Interview: Dessane Lopez Cassell on Flaherty NYC "Aftermath"

October 11th 2018

The theme of this season's Flaherty NYC series, a local offshoot of the storied Robert Flaherty Film Seminar, is "Aftermath." Curated by Dessane Lopez Cassell, the program considers the complexities of situations in the wake of conflict. Cassell directs the audience's attention away from the exact moment of clashes and struggles, which are often the subject of many sensational mass media narratives, in order to dive deeper into what it takes to survive conflicts, live with the fallout, and, sometimes, learn from them. Having previously curated programs from BAM, the Studio Museum in Harlem, and MoMA, among others, Cassell worked on this program for about a year before it opened on October 1 at Anthology Film Archives. The Flaherty NYC series runs biweekly through December 10.

In early October, Cassell took the time to speak to Screen Slate about the genesis of series, shaping its curatorial arc, and the broader themes of history, conflict, displacement, and exile.

Photo from Opening Night (L-R): Adam Khalil, Dessane Lopez Cassell, Zack Khalil, Jackson Polys. Photo by Adam Finchler, Courtesy of The Flaherty

You have worked with BAM, MoMA, and the Studio Museum. What brings you to the Flaherty Seminar?

When I got to know of the Flaherty, I was very intrigued by the concept of the seminar; the fact that you go in, not knowing the program, trusting the curator's vision, was very interesting. The idea of that immersive experience was very intriguing and I was interested in finding out more about it.

And why did you choose to propose a program for the Flaherty NYC series?

I found out that the Flaherty also does two commissioned curated series every year, the parametres to which were very open and flexible, giving the curator a complete creative freedom. It seemed like an opportunity that I wanted to explore, and I was very excited about it. I really liked the idea of not having to work with a theme that was handed down to me, that I felt compelled to work with. The idea that curating such a series would let me build something from scratch, and work with artists I am really excited about, was very attractive to me. So I applied and was selected.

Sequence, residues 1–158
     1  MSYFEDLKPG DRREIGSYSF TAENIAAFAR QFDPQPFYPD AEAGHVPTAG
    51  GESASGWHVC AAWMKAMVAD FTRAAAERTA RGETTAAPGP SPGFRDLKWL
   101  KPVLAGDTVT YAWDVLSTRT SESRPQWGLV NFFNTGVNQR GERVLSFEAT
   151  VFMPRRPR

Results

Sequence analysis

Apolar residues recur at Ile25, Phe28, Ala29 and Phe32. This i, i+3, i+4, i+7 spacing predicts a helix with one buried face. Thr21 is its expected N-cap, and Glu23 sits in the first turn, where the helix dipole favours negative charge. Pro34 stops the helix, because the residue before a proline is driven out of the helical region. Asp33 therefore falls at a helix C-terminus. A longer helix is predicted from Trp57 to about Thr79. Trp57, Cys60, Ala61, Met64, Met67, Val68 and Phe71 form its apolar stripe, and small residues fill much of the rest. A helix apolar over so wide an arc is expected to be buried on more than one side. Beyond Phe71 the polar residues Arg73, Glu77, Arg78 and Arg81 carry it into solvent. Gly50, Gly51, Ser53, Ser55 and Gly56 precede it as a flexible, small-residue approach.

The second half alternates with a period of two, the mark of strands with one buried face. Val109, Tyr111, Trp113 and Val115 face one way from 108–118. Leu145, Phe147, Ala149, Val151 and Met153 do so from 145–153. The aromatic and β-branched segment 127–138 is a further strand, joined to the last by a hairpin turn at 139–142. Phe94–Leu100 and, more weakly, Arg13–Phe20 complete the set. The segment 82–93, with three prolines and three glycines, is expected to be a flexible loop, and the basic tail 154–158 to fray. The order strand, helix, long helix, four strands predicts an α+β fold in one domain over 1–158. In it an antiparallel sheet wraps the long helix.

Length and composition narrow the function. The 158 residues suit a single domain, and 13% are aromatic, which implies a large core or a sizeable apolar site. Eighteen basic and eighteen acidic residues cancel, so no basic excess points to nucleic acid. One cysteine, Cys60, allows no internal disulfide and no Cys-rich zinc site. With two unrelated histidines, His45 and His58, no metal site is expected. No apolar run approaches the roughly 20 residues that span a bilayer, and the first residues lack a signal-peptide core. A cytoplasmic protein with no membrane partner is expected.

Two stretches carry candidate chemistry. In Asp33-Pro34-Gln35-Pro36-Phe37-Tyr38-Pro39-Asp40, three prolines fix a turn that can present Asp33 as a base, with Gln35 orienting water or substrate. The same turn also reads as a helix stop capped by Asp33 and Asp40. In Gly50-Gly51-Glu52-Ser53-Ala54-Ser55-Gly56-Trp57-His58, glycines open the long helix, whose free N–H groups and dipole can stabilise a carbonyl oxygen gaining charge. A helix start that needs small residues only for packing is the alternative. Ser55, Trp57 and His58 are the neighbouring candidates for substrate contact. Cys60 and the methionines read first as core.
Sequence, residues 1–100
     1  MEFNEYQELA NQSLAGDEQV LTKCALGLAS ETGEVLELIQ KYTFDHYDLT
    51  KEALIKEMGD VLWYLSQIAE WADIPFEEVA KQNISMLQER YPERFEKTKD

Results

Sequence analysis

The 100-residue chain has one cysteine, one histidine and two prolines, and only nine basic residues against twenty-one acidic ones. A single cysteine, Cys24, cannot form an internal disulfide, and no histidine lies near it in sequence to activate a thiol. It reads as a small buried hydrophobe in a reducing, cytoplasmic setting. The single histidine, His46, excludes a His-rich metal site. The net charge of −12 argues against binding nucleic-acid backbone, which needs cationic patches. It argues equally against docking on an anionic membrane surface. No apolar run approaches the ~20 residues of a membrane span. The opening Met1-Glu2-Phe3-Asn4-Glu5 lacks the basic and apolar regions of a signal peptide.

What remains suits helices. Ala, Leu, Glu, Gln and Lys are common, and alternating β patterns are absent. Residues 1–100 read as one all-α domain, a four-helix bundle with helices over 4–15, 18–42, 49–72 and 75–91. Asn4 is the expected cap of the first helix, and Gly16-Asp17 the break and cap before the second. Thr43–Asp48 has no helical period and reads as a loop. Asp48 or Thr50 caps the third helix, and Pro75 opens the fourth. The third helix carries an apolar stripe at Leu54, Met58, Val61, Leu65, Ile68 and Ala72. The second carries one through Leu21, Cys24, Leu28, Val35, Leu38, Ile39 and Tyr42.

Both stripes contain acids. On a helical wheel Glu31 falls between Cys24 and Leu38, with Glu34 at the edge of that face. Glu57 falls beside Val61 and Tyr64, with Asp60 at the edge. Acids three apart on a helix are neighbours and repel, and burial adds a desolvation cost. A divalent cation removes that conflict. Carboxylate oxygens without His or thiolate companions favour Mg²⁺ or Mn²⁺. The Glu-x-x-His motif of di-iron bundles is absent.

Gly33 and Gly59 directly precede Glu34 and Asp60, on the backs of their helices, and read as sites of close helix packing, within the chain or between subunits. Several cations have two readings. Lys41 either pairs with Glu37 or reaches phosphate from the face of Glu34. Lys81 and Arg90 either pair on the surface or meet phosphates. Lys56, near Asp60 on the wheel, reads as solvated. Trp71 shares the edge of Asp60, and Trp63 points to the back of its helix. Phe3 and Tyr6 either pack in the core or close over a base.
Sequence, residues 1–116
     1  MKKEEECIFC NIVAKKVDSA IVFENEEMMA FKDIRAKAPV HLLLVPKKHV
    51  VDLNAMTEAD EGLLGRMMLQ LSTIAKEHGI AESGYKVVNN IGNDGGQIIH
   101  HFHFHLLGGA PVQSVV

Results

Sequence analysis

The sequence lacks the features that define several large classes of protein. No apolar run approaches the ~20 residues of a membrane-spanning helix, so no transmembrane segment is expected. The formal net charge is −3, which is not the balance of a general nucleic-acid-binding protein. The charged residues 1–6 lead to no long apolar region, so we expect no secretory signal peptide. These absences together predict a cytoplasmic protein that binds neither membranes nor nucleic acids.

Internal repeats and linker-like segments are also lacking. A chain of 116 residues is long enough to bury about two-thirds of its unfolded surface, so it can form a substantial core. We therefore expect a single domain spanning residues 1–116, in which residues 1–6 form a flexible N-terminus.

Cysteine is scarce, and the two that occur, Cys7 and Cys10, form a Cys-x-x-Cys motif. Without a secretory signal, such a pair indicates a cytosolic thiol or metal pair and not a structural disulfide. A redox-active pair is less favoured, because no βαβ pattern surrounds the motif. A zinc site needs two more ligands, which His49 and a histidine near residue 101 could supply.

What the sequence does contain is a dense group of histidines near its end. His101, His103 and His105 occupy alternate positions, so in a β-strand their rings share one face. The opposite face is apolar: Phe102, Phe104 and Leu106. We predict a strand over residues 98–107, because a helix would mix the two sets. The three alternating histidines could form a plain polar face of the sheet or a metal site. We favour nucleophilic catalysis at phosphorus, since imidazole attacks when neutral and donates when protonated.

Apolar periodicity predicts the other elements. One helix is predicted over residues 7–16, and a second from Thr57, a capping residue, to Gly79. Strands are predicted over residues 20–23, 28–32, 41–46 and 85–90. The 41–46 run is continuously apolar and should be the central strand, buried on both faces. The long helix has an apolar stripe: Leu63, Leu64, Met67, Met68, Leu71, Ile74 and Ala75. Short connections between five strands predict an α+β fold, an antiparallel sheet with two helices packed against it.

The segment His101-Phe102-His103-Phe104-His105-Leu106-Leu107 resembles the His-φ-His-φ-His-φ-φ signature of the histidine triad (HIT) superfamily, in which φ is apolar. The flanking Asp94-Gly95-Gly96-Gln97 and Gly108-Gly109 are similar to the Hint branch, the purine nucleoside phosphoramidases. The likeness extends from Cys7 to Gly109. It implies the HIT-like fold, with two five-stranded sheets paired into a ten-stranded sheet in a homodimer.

It's unsurprising you would want to focus of conflicts and crises, given the political climate all around, but could you explain how you came about deciding on the theme for the series?

It all kind of came from the films that I was thinking about including in the program. The way I work best in terms of conceiving a thematic program, is by thinking about one work that I am most excited about. For me the work that launched the series is the one we will show on the closing night: Nashashibi/Skaer's Why Are You Angry? which I watched at Documenta and was completely floored by.

Why Are You Angry 2
Why Are You Angry? (Nashashibi/Skaer)

How so?

It's a fantastic film. It takes its name from a Paul Gauguin painting and it's meditating on the legacy of a painter like Gauguin and the fact that many of his paintings are very fetishising. He worked with these very young Tahitian women and created these images of them that did not portray any agency on their part or any interiority. When you look at this film, it's the complete opposite of that narrative. The filmmakers are looking at what are the possibilities of representing women, women of color… How do you portray much more interiority while thinking about the individual women, and not just take them to be a generic group of attractive young women within a picturesque de-contextualised scene? The possibilities of that film really spoke to me, and I knew I wanted to include that in my program.

How did you conceive the larger series around the foundation of that one film?

I was really thinking about the title of the film, about the dynamics of the question. I was thinking about who has the right to be angry, about whom, and what is that anger allowed to look like. When I started thinking about anger, a few other films came to my mind that I was really excited about, like Adam Khalil, Zack Khalil and Jackson Polys's The Violence of a Civilization Without Secrets. Natalia Cabral and Oriol Estrada were two filmmakers I got very excited about. It became clear to me that the theme was not so much about anger and tension anymore, but it was really thinking about the fallout, not just concentrating on the moment of conflict but also the feeling of living after that conflict, of living between conflict and resolution, especially when resolution is impossible. I wanted to concentrate on what comes after the moment of intense conflict and uproar passes, and what does it mean to keep living in the wake of it.